Shortly after my last post, it became 2:30. As I entered the lobby to make my way towards the place I was supposed to be going, I encountered a woman who spoke English. She told me that the people who were supposedly coming back at 2:30 weren’t working today. This was the obvious conclusion to this saga and I should’ve seen it coming. Then a gaggle of American students (from UNC) and their Chinese helper approached. The Chinese woman, Amy, decided to help me. We set off for a different office, where I was told something even more obvious.
Registration isn’t until the 12th of September. I just started laughing. I mean, I knew in my heart of hearts that this was a possibility the whole time, but what could I do? If there was even a possibility that I had to be here on Friday or forfeit the scholarship, I couldn’t take the chance. I tried not to even consider it, because the small chance didn’t change what I had to do.
I felt a little bit stupid, because they asked why I thought it was the 28th. Of course, all my paperwork said the 12th, but it also said to check the website for changes, and the website said the 28th. And I’m not stupid, so I had called to check and THREE different people that I talked to in the Overseas Education College (through two different Chinese translators) said that it was on the 28th.
So, I’m here almost three weeks early. I have to pay for my accommodations for that time, so I had to go withdrawn more money today. It could be worse; as I told Elizabeth, my mistakes here won’t be as expensive as many other places. I’m out about $130, plus I’ll have to feed myself, etc., during that time.
My room is on the 4th floor of the overseas student dormitory, which does not have an elevator. After checking in, Amy and I had to haul all of my luggage up three flights of stairs to my new home. By this time, I had been traveling for over 24 hours, hadn’t slept in a bed in over 48, hadn’t eaten a meal in over 30, and it was probably over 100 degrees with the heat index. Thankfully, though, I did not pass out and we made it up.
My room is very Chinese. There are two slightly-wider-than-twin beds, pushed next to each other. I will be sleeping closer to my roommate than Lucy and Ricky ever did. There are two small desks with shelves, four cupboards in the wall, and a TV and stand. The bathroom is a small sink, toilet, and showerhead – basically, the bathroom is the shower. The most Chinese feature of all is the inside balcony thing. It is our washroom, I guess, but in a real Chinese apartment would be a kitchen.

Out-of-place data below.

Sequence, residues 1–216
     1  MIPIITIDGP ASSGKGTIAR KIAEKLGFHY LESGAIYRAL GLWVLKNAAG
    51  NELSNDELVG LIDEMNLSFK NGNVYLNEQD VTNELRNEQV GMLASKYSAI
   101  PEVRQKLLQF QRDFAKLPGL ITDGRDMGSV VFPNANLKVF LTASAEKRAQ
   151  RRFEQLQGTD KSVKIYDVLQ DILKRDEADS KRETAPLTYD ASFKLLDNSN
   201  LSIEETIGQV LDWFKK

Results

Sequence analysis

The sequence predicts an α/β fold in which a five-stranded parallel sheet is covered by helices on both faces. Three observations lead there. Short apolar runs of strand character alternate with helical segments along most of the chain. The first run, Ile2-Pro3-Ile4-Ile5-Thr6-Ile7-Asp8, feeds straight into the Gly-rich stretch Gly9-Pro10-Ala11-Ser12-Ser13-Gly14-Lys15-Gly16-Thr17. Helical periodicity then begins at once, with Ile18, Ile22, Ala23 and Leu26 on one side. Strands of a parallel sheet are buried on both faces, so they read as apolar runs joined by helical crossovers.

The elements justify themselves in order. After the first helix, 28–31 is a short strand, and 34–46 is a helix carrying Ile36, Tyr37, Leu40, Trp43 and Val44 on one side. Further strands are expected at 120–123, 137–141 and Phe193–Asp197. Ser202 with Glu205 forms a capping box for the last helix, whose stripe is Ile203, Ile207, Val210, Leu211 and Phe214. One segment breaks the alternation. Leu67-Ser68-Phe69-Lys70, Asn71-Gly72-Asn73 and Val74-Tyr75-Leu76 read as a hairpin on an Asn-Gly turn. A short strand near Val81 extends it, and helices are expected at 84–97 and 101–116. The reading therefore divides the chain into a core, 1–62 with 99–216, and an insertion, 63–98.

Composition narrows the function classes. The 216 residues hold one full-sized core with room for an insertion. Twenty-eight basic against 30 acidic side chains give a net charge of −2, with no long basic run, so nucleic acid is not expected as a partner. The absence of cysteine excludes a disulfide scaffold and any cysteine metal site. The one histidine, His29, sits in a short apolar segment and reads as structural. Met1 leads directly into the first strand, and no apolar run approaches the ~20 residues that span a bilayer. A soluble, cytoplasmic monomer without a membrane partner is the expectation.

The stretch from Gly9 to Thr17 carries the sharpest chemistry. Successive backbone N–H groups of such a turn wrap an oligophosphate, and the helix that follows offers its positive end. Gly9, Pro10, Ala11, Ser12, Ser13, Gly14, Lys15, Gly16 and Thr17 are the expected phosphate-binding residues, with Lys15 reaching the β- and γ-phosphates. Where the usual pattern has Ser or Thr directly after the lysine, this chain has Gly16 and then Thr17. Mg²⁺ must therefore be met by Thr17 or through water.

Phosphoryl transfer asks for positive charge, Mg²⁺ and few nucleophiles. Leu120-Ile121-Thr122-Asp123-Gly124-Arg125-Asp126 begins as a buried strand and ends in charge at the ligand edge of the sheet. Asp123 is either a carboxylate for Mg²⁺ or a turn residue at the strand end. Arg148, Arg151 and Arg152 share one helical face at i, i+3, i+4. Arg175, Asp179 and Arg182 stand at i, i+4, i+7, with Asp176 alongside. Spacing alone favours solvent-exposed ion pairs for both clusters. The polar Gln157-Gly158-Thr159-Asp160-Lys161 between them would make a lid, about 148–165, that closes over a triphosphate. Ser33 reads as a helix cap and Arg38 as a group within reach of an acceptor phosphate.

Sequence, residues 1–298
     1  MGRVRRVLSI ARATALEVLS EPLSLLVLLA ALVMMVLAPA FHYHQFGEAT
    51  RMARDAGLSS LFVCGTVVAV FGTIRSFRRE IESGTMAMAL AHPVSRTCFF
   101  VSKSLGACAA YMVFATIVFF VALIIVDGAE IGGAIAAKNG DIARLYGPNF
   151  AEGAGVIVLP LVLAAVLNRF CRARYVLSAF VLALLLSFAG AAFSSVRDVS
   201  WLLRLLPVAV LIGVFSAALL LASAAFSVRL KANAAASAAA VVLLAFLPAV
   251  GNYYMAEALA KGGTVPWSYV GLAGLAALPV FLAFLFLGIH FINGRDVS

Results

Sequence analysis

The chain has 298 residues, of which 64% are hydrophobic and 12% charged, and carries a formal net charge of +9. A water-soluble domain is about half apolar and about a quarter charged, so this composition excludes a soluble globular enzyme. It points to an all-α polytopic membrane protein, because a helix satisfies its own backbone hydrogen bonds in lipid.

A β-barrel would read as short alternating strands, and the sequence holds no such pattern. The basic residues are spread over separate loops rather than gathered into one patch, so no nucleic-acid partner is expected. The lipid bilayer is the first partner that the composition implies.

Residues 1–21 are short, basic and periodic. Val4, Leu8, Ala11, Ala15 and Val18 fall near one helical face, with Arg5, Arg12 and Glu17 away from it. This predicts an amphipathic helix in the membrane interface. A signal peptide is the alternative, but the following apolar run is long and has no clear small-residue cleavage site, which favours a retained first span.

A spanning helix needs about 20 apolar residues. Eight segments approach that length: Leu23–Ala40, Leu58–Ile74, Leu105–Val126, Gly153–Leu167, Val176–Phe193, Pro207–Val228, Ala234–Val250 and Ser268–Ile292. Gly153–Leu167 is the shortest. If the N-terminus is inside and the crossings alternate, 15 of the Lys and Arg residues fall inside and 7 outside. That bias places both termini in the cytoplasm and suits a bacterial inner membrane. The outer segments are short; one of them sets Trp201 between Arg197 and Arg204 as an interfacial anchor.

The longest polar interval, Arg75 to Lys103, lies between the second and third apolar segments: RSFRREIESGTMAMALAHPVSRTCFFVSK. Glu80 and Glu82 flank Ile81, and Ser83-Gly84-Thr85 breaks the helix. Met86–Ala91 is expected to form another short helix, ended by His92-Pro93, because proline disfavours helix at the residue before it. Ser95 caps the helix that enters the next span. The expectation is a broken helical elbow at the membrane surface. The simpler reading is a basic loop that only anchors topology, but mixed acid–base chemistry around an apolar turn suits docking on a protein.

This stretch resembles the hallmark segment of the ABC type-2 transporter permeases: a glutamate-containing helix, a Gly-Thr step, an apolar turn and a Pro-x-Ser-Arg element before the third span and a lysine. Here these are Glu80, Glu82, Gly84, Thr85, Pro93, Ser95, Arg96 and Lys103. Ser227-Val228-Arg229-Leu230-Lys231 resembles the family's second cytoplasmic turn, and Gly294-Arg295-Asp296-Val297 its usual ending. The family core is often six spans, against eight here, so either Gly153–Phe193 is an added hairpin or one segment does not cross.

Right now my roommate is using everything in the room. I felt really awkward moving my stuff into there and leaving without having met her. Judging by some stuff that was up on the walls, I think she speaks Spanish, but that’s really all I know. I left a note for her, so I hope she won’t be too annoyed.
After Amy left, I sat down on the bed to process everything. I’m not horribly upset about this most recent miscommunication; as I said, I half expected it. The only thing is, I now feel like I can’t trust anything. In fact, I am not even convinced that registration isn’t on Friday. A schedule that my roommate has up on her wall has registration for the Overseas Education College listed for Friday. So please don’t think that I’m lying to you; I’m just presenting the information as I know it right then.
I was becoming disgusted by myself, so I tried out the awkward shower arrangements. I was scared for a little while there because the water was coming out of the faucet BROWN (not so lightly rust colored that it’s only apparent in a glass, but legitimately brown), but the shower was pretty good.
I then ventured outside to get food. There’s a cafe next door, so I went there and got jiaozi (dumplings) and Passionfruit Ice Sand. It’s funny, now that I know some Chinese characters, I know that they translated it literally (it wasn’t just a spelling error or something) but it still makes no sense to me in either language. Oh well, it was full of “Romantic flavor and good feelings”.
Since dinner, I have been on a hunt for internet. Bless you, Jin laoshi, for casually mentioning that 网 of 网球 is used to refer to internet! (网球 means tennis and 球 means ball, so I think that 网 means ‘net’.) Everyone pointed me in different directions until I ran into my new friends from UNC. They have been here a week and are so knowledgeable . . . they pointed me in the right direction and also mentioned that they will be going out tonight for Chinese Valentine’s Day (which apparently is today).
So that’s where I am right now, Coffee Lake. It’s just down some stairs and across the street from my dorm. It’s cute and small, with a soundtrack that consists almost exclusively of Backstreet Boys. There’s a great view of some body of water, too – a little lake or something. Probably my favorite place so far.
I think they’re actually closed now but haven’t tried to tell me because they figured I wouldn’t understand. Fair enough; I probably wouldn’t . . .
PS – I haven’t quite figured out how to work the VPN, so I’m posting these via email. I hope that works. As of now, I have access to Gmail and Skype, but not facebook or my own blog.